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chimney help needed please, before it gets colder!

Post in 'The Hearth Room - Wood Stoves and Fireplaces' started by gary, Oct 29, 2006.

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  1. gary

    gary New Member

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    St. George, KS
    We have a square 8" x 8" red tile chimney that we want to extend with a round chimney pipe.
    What do we need? Any suggestions or ideas?
    Thanks for your time and help!

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  2. begreen

    begreen Mooderator Staff Member

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    How much of an extension do you want? Can you give more specifics about why the added length and why round pipe?

    Have you looked at this product? Product pitch from the shameless commerce division: http://www.extendaflue.com/
  3. gary

    gary New Member

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    We wish to extend the chimney approximately 2 to 3 feet to increase the draft. We are trying to extend the 8 x 8 square red tile chimney to a round pipe because it is more common on the market. We are trying to do this in the most economical manner possible.
  4. gary

    gary New Member

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    I feel I should mention that we will be purchasing a wood burning fireplace insert to put in our masonry fireplace. I would assume that we will have some sort of flexible pipe connected to the insert that runs through our chimney to the top. From there we are wanting to extend the height of the chimney.
  5. elkimmeg

    elkimmeg Guest

    The interior of most 8/8 clay flues is app 6.75" by 6.75 " a liner cross-sectional area wise is not a big deal. Chances are insulation wrap will not fit either. An 8/8 if in good conditionm is not required by code to be lined */8 clay liner is for masonry solutions is about as good as it gets for wood stoves. So you want to extend the chimney one flue length 2'

    The work involved, probably means setting 20 to 24" of staging,just to get at it. Then staging break down really due to climbing a two man job. The extend a flue, using a ladder,
    an ok skilled homeowner should be able to handle, cheaper in the long run,

    Who told you have to install a liner in an 8/8 clay flue?
  6. gary

    gary New Member

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    There are two reasons we want to install a liner in our chimney...
    1. the damper is corroded and doesn't work in our masonry fireplace and
    2. just in case the masonry flue is starting to deteriorate we thought it best to install a liner.
  7. gary

    gary New Member

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    Forgot to answer some questions posed earlier. Our chimney is an exterior chimney and we have nothing currently connected to it.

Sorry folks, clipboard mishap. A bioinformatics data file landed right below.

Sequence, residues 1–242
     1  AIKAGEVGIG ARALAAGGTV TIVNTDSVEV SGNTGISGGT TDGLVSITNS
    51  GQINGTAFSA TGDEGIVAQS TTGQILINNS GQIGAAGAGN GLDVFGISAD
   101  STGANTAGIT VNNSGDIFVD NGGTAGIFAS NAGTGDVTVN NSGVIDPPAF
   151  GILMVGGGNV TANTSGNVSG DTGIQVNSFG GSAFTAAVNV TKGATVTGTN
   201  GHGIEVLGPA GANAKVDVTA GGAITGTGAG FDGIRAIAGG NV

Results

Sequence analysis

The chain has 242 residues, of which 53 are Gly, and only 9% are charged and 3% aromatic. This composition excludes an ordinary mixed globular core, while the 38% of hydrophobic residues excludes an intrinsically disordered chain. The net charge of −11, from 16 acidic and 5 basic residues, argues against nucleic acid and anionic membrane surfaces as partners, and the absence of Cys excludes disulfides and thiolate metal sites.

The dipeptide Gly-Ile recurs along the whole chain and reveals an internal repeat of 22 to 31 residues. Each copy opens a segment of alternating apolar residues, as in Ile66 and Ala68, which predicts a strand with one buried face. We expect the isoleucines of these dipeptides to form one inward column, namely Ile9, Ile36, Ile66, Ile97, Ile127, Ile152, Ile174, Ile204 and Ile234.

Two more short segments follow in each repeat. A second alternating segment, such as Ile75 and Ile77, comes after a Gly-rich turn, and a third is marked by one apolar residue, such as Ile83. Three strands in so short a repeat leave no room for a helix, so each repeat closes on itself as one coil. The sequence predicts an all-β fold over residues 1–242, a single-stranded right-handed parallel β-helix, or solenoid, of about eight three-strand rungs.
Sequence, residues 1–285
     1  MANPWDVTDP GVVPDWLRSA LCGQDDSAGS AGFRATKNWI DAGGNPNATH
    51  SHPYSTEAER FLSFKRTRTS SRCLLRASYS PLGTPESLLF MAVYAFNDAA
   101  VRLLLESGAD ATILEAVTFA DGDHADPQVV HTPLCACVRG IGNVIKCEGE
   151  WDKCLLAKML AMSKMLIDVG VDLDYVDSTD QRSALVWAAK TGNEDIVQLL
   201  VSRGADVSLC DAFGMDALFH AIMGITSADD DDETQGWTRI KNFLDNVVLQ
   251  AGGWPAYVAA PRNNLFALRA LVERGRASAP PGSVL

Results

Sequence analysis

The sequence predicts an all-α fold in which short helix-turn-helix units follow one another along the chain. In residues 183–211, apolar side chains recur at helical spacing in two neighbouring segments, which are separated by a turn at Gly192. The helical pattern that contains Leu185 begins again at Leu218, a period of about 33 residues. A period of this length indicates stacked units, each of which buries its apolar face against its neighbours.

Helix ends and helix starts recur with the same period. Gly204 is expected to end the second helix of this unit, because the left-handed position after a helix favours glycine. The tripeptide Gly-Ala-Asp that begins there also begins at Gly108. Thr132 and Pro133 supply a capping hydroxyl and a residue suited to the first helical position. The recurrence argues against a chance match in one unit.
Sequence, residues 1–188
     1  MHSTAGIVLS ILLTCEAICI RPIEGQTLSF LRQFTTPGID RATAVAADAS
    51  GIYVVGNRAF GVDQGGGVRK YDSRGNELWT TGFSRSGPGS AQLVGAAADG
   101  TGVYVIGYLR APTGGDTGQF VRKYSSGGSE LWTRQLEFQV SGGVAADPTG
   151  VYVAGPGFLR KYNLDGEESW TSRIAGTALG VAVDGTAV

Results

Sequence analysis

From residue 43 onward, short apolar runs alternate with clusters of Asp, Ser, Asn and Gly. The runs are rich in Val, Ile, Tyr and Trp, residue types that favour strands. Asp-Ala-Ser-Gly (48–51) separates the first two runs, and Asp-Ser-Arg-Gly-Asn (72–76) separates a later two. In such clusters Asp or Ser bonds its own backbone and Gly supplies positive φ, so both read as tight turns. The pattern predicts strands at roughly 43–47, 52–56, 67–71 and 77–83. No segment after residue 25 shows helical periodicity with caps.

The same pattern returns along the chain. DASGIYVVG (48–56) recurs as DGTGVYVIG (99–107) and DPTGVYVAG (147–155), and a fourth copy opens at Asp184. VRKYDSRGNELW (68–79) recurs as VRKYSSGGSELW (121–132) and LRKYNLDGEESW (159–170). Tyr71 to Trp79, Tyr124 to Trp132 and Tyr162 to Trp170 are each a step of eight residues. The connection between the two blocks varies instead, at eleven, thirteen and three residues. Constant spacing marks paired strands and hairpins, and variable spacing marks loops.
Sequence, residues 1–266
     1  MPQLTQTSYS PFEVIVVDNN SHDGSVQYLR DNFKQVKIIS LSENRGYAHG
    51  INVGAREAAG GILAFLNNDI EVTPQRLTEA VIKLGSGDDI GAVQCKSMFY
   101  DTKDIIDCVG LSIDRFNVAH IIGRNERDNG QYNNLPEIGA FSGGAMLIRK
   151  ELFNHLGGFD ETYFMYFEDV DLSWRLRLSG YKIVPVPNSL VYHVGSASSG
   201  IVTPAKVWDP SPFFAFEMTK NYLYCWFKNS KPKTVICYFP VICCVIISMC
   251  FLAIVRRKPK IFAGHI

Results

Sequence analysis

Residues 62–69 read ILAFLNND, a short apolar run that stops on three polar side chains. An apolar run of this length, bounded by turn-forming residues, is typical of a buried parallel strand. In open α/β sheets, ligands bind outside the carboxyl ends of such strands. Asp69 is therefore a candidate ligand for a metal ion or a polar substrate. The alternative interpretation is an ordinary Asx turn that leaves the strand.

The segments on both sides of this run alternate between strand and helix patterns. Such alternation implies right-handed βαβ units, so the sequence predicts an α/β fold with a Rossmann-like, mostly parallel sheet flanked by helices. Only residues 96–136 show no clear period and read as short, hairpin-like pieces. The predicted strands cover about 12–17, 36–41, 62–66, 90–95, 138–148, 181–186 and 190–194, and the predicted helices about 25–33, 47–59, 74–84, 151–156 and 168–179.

8. BrotherBart

    BrotherBart Hearth.com LLC Mid-Atlantic Division Staff Member

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    Elk said it all. The Extend-A-Flue is the cheapest way to do it. No contractor, no tile and mortor and you can insulate the Extend-A-Flue. Stick a pipe up in the air and it is going to be the biggest creosote factory in the county. In fact I predict that when the weather hits thirty degrees it will take it approximately 16.7 hours of burn time to completely clog with crap.

    The smoke in your house will be your clue.
  9. begreen

    begreen Mooderator Staff Member

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    Given that you are concerned with the condition of the chimney and want to extend the chimney at a lower cost, a 6" liner would probably work ok. Be sure you don't get a stove that requires anything larger than a 6" round liner. The liner can continue another 2-3 feet above the chimney top. You'll need a stiff stainless chimney top plate that has a raised lip to prevent water from leaking down the pipe and a storm collar to go over this lip. The stainless plate gets siliconed to the top of the chimney (clean it off first). If you get a flexible liner, you'll need to switch to rigid at the top, a couple feet before you exit the chimney in order to extend it.

    Whether this saves any money over the extend-a-flue is hard to say without getting the full picture. But as Elk put it, you chimney is just about ideal sized, so there may be alternatives. Have you had a professional sweep look at the chimney?

    Note, an exterior chimney typically doesn't draft as well as an interior one, extending it should help a bit, but it isn't going to be a complete cure. Be sure to get a stove that isn't fussy about draft.

    Keep posting information. Get Gary online too. Let us know what your budget is and what your goals are. Hopefully we can keep you warm, safe and avoid bad expenditures that can happen when one tries to set up a stove on a budget and cuts the wrong corners.
  10. gary

    gary New Member

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    Thanks for all the suggestions and help so far. I will let Gary know all that you have said. He can answer more questions more fully than I.
    When we purchased our house we had a fireman come and clean/inspect the fireplace and chimney. He was the one that recommended we put an insert in. He told us we could still put a fire in the fireplace, but that cold air would come in when not in use.
    When we do burn a fire things smell like smoke. So we are hoping that an extension of the chimney, plus an insert and maybe cutting down a few trees (as we have many!!) may help.
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